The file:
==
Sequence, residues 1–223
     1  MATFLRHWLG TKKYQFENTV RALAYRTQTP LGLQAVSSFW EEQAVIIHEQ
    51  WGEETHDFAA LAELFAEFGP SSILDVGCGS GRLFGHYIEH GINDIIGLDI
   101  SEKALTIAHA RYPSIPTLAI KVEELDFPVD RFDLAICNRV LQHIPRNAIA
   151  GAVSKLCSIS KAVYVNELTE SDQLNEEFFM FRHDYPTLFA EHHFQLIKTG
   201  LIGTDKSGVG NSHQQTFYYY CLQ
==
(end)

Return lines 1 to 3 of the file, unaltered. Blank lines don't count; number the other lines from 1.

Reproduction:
Sequence, residues 1–223
     1  MATFLRHWLG TKKYQFENTV RALAYRTQTP LGLQAVSSFW EEQAVIIHEQ
    51  WGEETHDFAA LAELFAEFGP SSILDVGCGS GRLFGHYIEH GINDIIGLDI